I don’t mean to make this blog all about the accident; there are, after all, other things happening in the world around me. But I did want to share a bit of the recovery process, and some lessons I am learning along the way.
As an English teacher – and lover of the written word – I must confess the most frustrating part is the lack of communication between health care entities. Perhaps the system is overworked – perhaps the pace is too fast – perhaps they don’t wish to take the time to clarify directives. But whatever the reason… I seem to be left scratching my head most of the time.
- On Thursday, Jan 14… doctor’s PA tells me I should be leaving that day. I voice surprise, since I just had hip surgery twelve hours before. She had no record of the hip surgery.
- On Friday, Jan 15… different PA tells me I will be going home on Saturday. I voice surprise again, as every one – including the doctor, nurses and therapists – indicated I was ready to leave that day. My nurse successfully advocated for my release.
- My first day home (Saturday) the physical therapist gives me a few basic leg exercises and tells me I will be ready to do stairs in 7-10 days. I’m thrilled.
- A week later she indicates I can do no more than 50% weight-bearing for four weeks – therefore stairs are out of the question. I’m disappointed.
- On Tuesday, Jan 19… the Occupational Therapist starts me on elbow exercises. I am shocked how much the elbow atrophied in just one short week. I’m petrified to begin OT for my shoulder after six weeks of non-use
- On Friday, Jan 22… I am encouraged to use my hand and arm (up to the elbow) as much as possible. I try to do so throughout the day, leaving the sling on only at night (9:00pm – 9:00am).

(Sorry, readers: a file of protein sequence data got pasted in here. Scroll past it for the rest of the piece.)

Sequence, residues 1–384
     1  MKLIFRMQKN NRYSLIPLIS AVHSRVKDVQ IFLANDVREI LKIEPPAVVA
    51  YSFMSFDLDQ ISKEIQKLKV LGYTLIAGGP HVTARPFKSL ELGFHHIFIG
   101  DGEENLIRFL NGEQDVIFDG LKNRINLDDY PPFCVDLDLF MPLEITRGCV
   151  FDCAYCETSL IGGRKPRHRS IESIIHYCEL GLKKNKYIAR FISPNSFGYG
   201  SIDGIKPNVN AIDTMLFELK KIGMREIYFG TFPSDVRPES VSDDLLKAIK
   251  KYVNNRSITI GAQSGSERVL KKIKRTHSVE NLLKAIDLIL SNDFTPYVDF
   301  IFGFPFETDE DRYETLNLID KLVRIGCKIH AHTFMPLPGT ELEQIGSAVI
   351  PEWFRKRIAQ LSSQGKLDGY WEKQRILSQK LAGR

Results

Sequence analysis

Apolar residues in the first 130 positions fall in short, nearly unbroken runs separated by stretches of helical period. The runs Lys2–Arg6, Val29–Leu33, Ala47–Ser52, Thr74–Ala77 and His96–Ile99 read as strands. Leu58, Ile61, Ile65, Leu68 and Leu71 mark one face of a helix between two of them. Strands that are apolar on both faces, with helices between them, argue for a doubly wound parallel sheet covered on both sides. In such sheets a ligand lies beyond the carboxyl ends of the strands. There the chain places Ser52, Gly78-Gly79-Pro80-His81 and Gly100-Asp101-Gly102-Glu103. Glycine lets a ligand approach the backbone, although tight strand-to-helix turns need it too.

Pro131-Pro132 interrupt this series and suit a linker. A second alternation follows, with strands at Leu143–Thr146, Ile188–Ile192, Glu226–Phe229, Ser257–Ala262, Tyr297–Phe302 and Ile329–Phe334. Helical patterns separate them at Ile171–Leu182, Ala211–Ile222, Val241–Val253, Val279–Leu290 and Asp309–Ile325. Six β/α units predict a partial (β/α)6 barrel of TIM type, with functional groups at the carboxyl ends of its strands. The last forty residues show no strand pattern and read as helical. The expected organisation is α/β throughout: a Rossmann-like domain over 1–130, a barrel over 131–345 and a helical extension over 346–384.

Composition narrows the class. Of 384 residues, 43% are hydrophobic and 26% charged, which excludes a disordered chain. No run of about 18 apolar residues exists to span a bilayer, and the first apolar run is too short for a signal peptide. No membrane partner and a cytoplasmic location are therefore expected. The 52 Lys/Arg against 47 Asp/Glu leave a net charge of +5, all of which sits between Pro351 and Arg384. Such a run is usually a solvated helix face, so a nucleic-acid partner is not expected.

- On Friday, Jan 29… I’m told that I am no longer 50% weight-bearing on hip (and actually, was released from hospital as “weight as tolerated”) but I am to wear the sling at all times except during exercises, dressing, and showering. This means fewer restrictions for walking (yay!), but more limitation for the arm (boo!).
For someone who tries to be a good patient and follow the rules – it’s difficult to feel successful when the rules continue to shift.
I am still grateful though – and continue to count my blessings.
- I can now practice walking normal – on Monday I will be cleared for stairs – and in a week I will be cane free.
- I have become friends with my physical therapist – not an expected outcome. Her last home health visit will be this coming Thursday and I shall miss her greatly.
- I can almost straighten my elbow (I have about 5 more degrees to go). I am allowed to do as many of these exercises as I please – and I vow I will not regress.
- I will begin arm therapy February 15. While I am not looking forward to this, I do have a goal. I want to travel – and I want to travel independently. I need to be able to carry my own suitcase and store it in the overhead bin. I need full range motion of my shoulder. This travel image will carry me through the pain of therapy.
- Wearing the sling does not prevent me from typing. I can still read and write – my two passions – with no limitations.
- I can now wear jeans (I hate elasticized pants) – and feel like a normal person.
- I can shower on my own – although I do use a bench, just in case.
- I can wash my hair – although I need help drying/styling it. Fortunately my husband is more than willing to help in any way he can.
- I can still teach – although in a different fashion. I taught my first “remote” course on Monday and it was a success! I will continue to teach in this manner until probably the end of the month.
- While I am still limited to one floor in the house – my natural “hermit” personality doesn’t find this at all limiting (in fact, I might even like the excuse…)
- I have so many friends – more than I realized. They have brought food, stayed to visit, chatted with me online, prayed for me, and offered to do anything I need. While I do not enjoy this temporary dependency… I am blessed to have so many willing to help.
- Our wedding vows are for real. Thirty-four years ago when we said, for better or worse, for richer or poorer, in sickness and in health… we did not understand the magnitude of those words. My poor husband has come to my rescue more times than I can count. I am blessed indeed.
I continue to find fun throughout the day, and live life with purpose. Perhaps I am a bit claustrophobic, but that is a small price to pay. Baby steps… each and every day.